7 sly ways to break your kids' horrid habits

Nail biters, hair twirlers and thumb suckers, beware!

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  • Kids are cute, but some of their habits can be less so. The struggle of trying to break their bad habit can be daunting. For the most part, kids will naturally grow out of most of these habits; but in the meantime, there are ways to keep them from their unsightly picking, twirling, chewing, biting and sucking.

  • Trigger-happy tykes

  • These bad habits are usually triggered by something. Whether it be boredom, tension or anxiety, these habits are a way to cope with emotions. For a week or so, ignore the urge to tell them to stop. Keep a notebook to try and track a pattern to see what the culprit may be. If you notice that chewing, biting, sucking or twirling usually starts during homework, try some relaxation techniques to dispel the anxiety. A couple deep breaths or a little break every so often can break up the anxious emotions that seem to always surround math problems.

  • The small victories

  • Habits are often done unconsciously, so drawing attention to the "good behaviors" can help them realize their own bad habits. Yes, you will want to draw a tiny bit of attention to the habit you despise ("I noticed you bite your nails; do you know you do that?"), but praising good behavior is going to be key.

  • Be consistent with your praises; ignore when the habit persists, but be positively vocal when you notice it's not there. Creating an emotional incentive might also be helpful ā€” letting your children know that "big kids" don't suck their thumbs may help them want to stop.

  • Eyes on the prize

  • No matter the habit, positive beats negative. Trying to punish your child or shaming him or her into stopping is not going to work in the long run (And it clues your kid in on your tactics). Likewise, short-term solutions (like a bitter polish to stop nail biting) are only going to frustrate your child, and could increase the habit's appeal. Change is really going to happen when your child wants to stop, not just when Mom and Dad want him or her to.

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  • Again, try an incentive approach. Give out a sticker for each day without hair twirling, or let them choose Friday's dinner menu after five days of no nose picking.

  • Quick, look at the squirrel!

  • It's not simple to break a habit when you can't totally eliminate the temptation to chew on ever-present locks, but distraction techniques can work. For knuckle-crackers, try distracting fingers with some bubble wrap. Instead of their hair, stock up on some ribbons or hair elastics for your little girl to twirl, or a chewy snack to munch on if she's a hair-chewer. During TV time, thumb sucking might be a temptation, but not if kids already have a snack or Popsicle to keep their mouth busy.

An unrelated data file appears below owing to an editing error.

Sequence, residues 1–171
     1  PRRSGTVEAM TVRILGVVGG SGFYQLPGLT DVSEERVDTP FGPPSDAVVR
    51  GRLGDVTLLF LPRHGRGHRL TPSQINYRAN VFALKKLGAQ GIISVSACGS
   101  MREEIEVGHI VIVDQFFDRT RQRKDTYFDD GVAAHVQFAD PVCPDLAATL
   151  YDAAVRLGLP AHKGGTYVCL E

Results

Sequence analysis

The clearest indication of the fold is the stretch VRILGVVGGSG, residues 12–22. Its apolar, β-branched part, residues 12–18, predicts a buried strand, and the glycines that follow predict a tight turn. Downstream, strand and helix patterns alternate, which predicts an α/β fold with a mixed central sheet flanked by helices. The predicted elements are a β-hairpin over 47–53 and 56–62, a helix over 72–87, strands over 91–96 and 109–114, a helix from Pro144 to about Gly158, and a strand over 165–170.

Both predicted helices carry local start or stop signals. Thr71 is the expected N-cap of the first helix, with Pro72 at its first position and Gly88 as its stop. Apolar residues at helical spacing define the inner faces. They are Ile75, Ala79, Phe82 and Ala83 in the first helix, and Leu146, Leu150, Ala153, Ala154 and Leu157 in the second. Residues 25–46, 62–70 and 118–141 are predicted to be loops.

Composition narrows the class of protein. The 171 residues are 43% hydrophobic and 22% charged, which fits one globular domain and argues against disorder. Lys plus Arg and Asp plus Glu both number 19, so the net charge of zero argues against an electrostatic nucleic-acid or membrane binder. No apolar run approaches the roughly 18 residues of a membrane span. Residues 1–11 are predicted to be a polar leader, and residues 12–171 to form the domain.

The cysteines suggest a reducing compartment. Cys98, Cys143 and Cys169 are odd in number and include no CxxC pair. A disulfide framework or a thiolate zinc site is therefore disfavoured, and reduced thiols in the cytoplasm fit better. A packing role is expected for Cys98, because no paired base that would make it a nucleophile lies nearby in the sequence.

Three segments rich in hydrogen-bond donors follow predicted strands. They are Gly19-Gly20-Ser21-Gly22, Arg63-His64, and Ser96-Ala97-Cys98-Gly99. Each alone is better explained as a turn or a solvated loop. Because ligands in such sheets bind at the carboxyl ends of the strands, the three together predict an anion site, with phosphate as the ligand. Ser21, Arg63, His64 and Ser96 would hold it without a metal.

• No elbows on the table, please

  • While you don't want to draw too much attention to their chewing-with-their-mouth-wide-open-at-dinner, a quick etiquette lesson might help them quit. Discuss how it is rude to do so, and it might make people lose their appetite if you chew with your mouth open. To really solidify this, try placing a mirror in front of your child so they understand what their habit causes other dinner guests to see. In this instance, an obvious approach could be helpful.

  • Practice, practice, practice (and patience)

  • Breaking a bad habit can be a frustrating experience. Remember, it takes 21 days to break a habit, no matter your age. Your little incentive schedule can lead up to the 21st day, where a larger prize is awarded. It will help kids stay motivated to reach the end of this little timeline. Remember though, this journey may have a couple setbacks, and that's OK. Eventually, things should sort themselves out.

  • At the end of your rope

  • Although these habits aren't exactly wonderful, they aren't life-threatening either. Usually, it's just a stage that your kids will grow out of.

  • However, some habits may have more severe consequences. If you are worried that thumb sucking may develop into issues with their teeth and jaw, you can get a mouth apparatus put in that makes it impossible to suck. At this point you've abandoned all subtlety, but being sly isn't worth the orthodontist bill later in life.

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  • If you are concerned with your child's habit, you can consult his or her doctor for help.

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Emily is putting her English and Humanities degree to use editing and writing all over the world. Trying to see all 7 world wonders (while visiting as many countries as she can in between), Emily loves wandering alleyways, beautifully photographed food, stumbling upon impromptu flea and food markets. She can usually be found camera in hand, munching on a street food and never has her headphones out of reach.

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